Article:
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    They should watch BSE cows. Of course terminal human BSE patients were diagnosed with psychiatric diseases.
     
  4. Sidereal

    Sidereal Senior Member

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    Speaking of dystonia, last night I got so angry reading a paper about the use of low dose naltrexone for complex regional pain syndrome (CRPS), another "contested" disease.

    http://www.ncbi.nlm.nih.gov/pmc/articles/PMC3661907/

    Right, of course! A child with multiple serious medical conditions develops a new symptom which doesn't fit the neurologist's beliefs about how the nervous system functions and gets a diagnosis of hysteria. Anyway, her "conversion disorder" was fixed by surgery and LDN.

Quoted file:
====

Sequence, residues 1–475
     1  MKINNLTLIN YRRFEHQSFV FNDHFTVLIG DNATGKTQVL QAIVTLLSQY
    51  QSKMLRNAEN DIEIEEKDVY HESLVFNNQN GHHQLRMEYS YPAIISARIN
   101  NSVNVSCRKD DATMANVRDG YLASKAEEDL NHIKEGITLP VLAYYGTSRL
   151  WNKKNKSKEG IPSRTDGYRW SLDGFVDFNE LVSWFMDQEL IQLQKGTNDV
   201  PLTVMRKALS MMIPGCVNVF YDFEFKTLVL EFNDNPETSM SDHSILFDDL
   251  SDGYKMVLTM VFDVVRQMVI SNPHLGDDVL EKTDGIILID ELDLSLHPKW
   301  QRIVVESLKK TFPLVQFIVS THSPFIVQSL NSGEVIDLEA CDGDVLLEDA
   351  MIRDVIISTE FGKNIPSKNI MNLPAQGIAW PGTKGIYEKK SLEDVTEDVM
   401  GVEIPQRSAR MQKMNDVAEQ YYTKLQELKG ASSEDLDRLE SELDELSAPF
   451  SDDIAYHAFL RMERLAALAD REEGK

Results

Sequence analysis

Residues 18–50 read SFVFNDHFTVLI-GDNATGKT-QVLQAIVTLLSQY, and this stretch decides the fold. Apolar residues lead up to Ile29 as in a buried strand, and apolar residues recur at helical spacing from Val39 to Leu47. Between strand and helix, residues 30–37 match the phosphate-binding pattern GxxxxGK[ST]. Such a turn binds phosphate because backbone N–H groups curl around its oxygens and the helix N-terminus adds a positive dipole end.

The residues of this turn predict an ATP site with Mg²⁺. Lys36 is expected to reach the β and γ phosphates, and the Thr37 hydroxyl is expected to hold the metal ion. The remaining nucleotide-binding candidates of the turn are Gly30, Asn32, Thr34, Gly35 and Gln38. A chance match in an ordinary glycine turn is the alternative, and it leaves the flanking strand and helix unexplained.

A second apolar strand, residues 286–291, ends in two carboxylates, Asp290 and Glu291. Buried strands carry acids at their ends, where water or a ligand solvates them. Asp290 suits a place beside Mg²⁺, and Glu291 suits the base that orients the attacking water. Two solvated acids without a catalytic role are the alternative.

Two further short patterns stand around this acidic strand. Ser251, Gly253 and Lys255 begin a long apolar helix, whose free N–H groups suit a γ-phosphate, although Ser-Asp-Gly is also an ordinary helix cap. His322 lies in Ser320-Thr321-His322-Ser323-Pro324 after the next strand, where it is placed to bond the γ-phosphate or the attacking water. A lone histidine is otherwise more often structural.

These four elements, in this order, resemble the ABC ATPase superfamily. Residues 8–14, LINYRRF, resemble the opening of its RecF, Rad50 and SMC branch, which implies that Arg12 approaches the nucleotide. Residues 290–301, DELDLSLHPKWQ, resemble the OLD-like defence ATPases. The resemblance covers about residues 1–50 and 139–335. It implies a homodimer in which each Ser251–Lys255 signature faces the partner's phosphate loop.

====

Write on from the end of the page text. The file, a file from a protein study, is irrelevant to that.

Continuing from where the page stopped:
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  5. Forbin

    Forbin Senior Member

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    In John Huston's 1962 film "Freud: The Secret Passion," starring Montgomery Clift as Freud, there is a scene in which young Freud is introduced to the concept of "hysteria." During a lecture, two patients are presented. One is a woman who cannot walk, the other is a man who cannot stop shaking. Through the miracle of hypnosis, the woman's paralysis is transferred to the man, and the man's shaking is transferred to the woman, thus proving that both conditions were of psychological origin.

    Whether this scene reflected something that Freud actually saw, I don't know. I do fear, however, that the film may have inspired a generation of students considering the field of psychology to think that psychogenic illness was just that simple.